Based on Dr. Wright's analysis, it's clear that the word Black is more of an appropriate term to call our people.  However, for the purposes of reducing extended debates among the Conscious Black Community, we should use and accept both terms.  Therefore, Black Consciousness and African Consciousness are one and the same.

 

The late great Dr. Bobby E. Wright, who was one of the greatest analytical thinkers and social scientist of our time, defined what that set of social values should be when he revealed the Black Social Theory.  The Black Social Theory is a set of Conscious social values that will preserve our race in the midst of our enemy, white supremacy.  The Black Social Theory will produce positive results for a Black individual and the Black collective group.  The Black Social Theory is the measuring stick for every Black man and woman in terms of whether he or she is Conscious.  You can't be considered a Conscious Black Man or Woman if you don't agree with the application of the Black Social Theory.  The following 10 points with the exception of number two, touch on the core aspects of the Black Social Theory defined by Dr. Bobby Wright.  ARC is working hard to attain more information from the late great Dr. Bobby E. Wright's scientific research collection on the Black Social Theory.   As more info
rmation is attained by ARC, additional points will be added to our online version of the Black Social Theory. 

Dr. Bobby E. Wright
Dr. Khalid Muhammad
Dr. Khalid Muhammad
Dr. Khalid Muhammad


 
 
The addition of the second point, Maat, was added by ARC staff writers.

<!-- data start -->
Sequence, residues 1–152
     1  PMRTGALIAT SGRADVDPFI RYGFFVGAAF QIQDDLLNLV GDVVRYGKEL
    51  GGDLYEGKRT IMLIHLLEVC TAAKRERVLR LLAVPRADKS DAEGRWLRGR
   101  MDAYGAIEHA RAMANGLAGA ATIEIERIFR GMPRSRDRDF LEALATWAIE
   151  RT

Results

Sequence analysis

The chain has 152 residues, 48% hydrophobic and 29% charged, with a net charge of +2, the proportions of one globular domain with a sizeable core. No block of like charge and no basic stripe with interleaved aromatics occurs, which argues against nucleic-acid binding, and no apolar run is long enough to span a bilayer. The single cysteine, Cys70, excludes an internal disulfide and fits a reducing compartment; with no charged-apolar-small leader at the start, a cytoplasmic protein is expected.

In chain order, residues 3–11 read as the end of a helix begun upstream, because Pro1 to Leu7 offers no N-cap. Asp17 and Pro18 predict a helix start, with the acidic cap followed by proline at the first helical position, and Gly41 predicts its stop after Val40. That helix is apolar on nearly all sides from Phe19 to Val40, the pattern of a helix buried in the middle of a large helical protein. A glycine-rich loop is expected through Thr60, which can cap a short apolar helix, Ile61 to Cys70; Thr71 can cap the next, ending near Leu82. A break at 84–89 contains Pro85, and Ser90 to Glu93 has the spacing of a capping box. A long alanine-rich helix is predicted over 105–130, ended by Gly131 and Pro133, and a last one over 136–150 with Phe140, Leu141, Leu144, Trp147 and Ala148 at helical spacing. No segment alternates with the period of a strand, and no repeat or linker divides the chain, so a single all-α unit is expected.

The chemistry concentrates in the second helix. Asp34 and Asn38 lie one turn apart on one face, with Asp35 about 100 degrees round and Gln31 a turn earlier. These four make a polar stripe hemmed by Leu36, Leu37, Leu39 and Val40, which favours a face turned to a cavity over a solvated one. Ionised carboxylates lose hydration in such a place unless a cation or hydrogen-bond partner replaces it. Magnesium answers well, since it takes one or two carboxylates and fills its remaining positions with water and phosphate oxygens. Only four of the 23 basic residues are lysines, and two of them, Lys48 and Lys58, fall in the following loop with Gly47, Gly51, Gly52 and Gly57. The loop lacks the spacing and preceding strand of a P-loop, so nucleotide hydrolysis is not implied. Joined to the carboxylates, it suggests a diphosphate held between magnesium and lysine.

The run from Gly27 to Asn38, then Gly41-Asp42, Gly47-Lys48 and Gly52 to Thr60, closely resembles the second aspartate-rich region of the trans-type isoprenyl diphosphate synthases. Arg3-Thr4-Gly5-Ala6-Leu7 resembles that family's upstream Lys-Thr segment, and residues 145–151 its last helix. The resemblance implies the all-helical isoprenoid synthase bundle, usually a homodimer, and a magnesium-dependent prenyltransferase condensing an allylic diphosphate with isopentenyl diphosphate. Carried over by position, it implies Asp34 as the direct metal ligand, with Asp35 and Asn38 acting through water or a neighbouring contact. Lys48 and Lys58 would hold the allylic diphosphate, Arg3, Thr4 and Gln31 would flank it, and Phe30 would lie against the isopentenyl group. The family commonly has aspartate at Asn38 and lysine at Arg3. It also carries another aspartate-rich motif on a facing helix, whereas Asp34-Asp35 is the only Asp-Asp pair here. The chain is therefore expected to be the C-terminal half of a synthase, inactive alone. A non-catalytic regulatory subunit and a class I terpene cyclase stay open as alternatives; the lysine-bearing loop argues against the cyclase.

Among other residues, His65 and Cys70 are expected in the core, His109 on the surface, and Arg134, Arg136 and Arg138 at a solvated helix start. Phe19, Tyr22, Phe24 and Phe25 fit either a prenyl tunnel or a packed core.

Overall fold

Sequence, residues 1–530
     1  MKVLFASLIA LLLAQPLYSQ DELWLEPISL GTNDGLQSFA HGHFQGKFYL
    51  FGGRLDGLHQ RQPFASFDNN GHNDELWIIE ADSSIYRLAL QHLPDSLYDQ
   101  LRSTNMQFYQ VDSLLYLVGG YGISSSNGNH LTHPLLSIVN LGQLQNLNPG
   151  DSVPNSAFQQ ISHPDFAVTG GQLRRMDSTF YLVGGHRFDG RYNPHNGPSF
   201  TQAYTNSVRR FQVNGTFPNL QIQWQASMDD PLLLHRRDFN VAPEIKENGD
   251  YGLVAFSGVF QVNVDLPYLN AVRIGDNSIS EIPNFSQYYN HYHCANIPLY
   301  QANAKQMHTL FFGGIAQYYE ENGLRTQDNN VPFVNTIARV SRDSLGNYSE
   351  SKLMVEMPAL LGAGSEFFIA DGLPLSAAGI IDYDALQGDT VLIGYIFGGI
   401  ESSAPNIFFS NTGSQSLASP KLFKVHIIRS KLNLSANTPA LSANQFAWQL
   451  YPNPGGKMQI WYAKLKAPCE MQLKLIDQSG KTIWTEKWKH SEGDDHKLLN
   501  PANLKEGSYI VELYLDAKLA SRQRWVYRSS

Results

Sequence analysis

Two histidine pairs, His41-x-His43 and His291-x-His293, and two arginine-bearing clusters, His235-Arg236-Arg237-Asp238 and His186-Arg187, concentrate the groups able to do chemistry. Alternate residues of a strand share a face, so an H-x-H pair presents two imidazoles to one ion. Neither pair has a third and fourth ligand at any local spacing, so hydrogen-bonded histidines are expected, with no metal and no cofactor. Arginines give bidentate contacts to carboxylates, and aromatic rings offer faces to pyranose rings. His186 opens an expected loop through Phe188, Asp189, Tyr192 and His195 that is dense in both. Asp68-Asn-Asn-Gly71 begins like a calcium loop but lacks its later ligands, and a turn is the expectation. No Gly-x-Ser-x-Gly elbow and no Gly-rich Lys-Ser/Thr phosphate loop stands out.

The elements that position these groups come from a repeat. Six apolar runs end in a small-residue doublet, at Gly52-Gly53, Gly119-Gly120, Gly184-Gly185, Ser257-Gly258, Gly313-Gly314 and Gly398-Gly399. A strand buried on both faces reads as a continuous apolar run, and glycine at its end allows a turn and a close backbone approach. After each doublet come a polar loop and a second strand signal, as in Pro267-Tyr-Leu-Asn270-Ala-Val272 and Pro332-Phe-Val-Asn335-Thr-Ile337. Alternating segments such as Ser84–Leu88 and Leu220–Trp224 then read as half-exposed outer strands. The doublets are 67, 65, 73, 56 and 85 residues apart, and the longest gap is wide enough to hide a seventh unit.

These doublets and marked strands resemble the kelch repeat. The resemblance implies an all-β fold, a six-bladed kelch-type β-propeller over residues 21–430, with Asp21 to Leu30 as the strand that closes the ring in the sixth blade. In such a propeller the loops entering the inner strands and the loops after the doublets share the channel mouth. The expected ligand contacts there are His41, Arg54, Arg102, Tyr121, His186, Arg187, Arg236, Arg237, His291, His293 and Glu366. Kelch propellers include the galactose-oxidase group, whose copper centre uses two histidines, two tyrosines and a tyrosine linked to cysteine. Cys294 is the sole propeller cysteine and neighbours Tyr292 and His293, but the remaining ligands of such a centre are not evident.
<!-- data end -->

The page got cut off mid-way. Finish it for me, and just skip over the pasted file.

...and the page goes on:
Dr. Bobby E. Wright

 

 

Click on the Audio Clip below to hear Dr. Wright's recommendations on the core aspects of the Black Social Theory

 

ARC_8.jpg


 

The following recommendations represent the core aspects of Dr. Bobby Wright's Black Social Theory:

 

 

Black Social Theory

 

1. Must place the interest of our race above all other interests.

 

2. Must agree with and follow Maat, the ancient set of moral values or the moral code of conduct.  Maat, the 42 Declarations of Innocence was defined by our ancient African ancestors thousands and thousands of years ago and was the basis for the foundation of scientific thought that lead to the building of the pyramids and other great achievements.

 

 

Maat_ARC.jpg
Relief of Goddess Maat
 

 

 

3. Sanction (socially ostracize) and punish those Blacks who operate against our interest.

 

4. Sanction (socially ostracize) completely and refuse to support those Blacks who marry and cohabit with whites or members of other races.

 

5. Make a conscious effort to fully accept (instead of rejecting) and embrace our people who have a higher concentration of melanin or dark-skinned Blacks when adopting Black children or looking for a mate.

 

6. No Black person can be considered a leader or hold a leadership position who marries outside the race.

 

7. Stop using the word Black in negative terms (nigger, Tom, etc.) when addressing each other.

 

8. Consciously expose our children to strong positive Black images(Black professionals need to spend time volunteering their services to independent Black schools)

 

9.  Have Black artists to show strong Black images.  

 

10.  Work toward the liberation of African people world wide and fight against white supremacy.


 

 

 

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Dr. Khalid Muhammad